What is a Catheter-Associated Urinary Tract Infection (CA-UTI)? The urinary tract includes the organs that make, store, and release urine from your body. They are the kidneys, ureters, bladder, and the urethra. A urinary tract infection (UTI) is an infection that occurs anywhere in the urinary tract. When a patient has a device known as urinary catheter inserted into their bladder to drain urine, an infection is more likely to occur. The longer a urinary catheter is left in place, the more likely an infection is to occur. This infection can spread to other parts of the body, including the blood (bacteremia) and cause even more serious infections.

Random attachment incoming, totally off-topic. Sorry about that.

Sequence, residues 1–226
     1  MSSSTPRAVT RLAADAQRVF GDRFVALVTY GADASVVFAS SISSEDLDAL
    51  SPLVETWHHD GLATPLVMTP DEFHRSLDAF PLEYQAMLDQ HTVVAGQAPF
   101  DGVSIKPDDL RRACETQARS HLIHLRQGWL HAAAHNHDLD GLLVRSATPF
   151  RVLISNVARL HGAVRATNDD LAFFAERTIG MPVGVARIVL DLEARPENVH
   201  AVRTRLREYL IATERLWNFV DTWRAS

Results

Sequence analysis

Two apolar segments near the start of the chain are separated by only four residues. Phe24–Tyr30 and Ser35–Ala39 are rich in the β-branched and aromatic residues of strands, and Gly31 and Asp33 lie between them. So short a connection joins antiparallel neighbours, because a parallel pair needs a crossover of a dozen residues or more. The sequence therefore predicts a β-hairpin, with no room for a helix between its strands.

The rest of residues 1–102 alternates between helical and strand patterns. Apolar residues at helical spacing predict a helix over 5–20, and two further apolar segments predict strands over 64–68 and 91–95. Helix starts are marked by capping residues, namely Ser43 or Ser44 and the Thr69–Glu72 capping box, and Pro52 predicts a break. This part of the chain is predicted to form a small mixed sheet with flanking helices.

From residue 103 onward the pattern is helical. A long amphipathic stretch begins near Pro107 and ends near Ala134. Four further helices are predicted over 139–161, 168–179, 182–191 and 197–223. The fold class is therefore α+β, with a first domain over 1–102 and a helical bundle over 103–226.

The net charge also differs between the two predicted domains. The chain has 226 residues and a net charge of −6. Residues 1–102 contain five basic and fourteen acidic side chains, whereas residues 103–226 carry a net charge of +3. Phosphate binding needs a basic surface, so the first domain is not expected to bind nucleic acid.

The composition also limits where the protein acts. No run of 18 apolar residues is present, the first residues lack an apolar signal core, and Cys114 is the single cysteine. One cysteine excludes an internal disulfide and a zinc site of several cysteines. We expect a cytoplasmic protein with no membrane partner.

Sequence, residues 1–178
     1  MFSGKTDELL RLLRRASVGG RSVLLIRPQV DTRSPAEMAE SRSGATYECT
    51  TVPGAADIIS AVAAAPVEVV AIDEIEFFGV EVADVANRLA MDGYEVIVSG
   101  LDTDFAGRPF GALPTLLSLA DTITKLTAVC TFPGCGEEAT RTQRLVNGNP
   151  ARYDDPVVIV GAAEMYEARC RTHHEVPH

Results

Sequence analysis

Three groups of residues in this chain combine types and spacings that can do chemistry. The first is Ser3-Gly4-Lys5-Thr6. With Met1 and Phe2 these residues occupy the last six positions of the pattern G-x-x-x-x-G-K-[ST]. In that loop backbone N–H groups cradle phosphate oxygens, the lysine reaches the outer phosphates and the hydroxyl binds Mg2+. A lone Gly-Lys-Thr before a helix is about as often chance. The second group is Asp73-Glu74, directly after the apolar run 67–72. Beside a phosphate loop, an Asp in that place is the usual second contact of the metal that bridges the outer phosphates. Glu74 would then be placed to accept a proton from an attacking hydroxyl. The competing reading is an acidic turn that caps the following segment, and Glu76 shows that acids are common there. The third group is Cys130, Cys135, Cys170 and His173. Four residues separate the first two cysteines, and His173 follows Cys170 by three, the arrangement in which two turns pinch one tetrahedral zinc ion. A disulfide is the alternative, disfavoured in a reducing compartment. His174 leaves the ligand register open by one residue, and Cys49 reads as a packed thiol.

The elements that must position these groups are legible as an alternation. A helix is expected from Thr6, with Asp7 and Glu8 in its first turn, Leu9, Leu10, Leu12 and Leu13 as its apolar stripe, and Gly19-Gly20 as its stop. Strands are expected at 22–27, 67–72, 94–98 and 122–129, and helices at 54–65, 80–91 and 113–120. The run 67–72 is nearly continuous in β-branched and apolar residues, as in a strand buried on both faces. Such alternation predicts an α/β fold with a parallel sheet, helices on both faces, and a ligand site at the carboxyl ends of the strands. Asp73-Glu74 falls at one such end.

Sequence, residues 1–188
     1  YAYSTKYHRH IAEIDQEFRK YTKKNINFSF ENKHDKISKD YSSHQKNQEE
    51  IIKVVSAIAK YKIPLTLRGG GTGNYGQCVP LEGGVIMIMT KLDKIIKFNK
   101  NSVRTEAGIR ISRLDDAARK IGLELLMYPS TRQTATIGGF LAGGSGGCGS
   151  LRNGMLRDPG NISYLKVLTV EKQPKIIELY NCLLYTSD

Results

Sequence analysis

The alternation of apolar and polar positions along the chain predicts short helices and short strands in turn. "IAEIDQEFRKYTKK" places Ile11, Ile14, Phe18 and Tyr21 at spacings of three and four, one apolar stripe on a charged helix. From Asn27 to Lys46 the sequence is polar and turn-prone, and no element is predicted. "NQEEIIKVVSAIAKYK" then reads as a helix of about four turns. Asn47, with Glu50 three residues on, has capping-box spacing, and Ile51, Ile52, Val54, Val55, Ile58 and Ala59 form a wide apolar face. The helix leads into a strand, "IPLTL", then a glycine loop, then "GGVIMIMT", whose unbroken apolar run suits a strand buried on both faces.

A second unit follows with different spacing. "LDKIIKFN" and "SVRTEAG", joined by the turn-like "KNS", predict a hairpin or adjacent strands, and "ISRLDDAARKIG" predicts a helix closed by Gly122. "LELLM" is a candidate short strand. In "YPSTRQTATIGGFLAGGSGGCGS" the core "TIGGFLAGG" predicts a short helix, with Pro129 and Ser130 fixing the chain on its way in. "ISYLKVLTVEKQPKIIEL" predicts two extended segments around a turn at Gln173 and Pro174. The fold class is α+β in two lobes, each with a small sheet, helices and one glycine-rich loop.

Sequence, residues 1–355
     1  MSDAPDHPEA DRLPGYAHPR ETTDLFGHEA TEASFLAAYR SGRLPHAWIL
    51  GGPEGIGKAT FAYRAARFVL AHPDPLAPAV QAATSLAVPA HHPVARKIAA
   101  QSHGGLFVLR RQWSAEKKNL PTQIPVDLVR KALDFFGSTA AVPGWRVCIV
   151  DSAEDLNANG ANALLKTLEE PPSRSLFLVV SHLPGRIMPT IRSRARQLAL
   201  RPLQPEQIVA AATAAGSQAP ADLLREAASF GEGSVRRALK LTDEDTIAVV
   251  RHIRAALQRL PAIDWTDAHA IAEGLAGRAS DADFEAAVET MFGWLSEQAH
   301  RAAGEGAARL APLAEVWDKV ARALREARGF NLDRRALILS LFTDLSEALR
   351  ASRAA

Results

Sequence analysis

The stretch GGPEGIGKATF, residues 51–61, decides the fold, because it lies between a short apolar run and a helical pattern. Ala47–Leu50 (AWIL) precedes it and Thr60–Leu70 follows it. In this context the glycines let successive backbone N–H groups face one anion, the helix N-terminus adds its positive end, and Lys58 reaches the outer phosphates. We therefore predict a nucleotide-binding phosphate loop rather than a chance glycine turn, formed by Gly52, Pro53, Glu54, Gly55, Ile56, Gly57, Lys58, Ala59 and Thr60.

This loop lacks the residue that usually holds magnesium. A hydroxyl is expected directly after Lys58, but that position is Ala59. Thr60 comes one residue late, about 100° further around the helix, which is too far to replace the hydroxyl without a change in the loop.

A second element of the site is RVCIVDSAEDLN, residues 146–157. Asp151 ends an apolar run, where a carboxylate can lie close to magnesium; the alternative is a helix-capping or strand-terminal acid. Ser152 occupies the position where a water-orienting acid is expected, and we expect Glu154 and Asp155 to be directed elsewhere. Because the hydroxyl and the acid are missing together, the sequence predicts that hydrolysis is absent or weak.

Catheter-Associated Urinary Tract Infections (CA-UTI) are included in a group of other healthcare associated infections that are considered potentially preventable. Urinary tract infections account for approximately 40% of all hospital-acquired infections annually around the world. With a catheter in place, the daily risk of developing a urinary tract infection ranges from 3% to 7%, and the longer the catheter remains in place the higher the risk: 25% greater at 1 week and 100% greater at 1 month. Besides the physical impact, developing a UTI at Baystate Medical Center has been shown to increase the length of stay (LOS) and the cost of care. For some patients, a bacteremia may develop which not only increases the LOS and cost per case, but also increases the patient’s risk of dying. These compelling numbers have caused hospitals, including Baystate Health hospitals, to focus on UTI prevention. UTI prevention includes inserting urinary catheters only in those patients who need them, maintaining them correctly and removing them as soon as they are no longer necessary as part of the patient’s supportive care.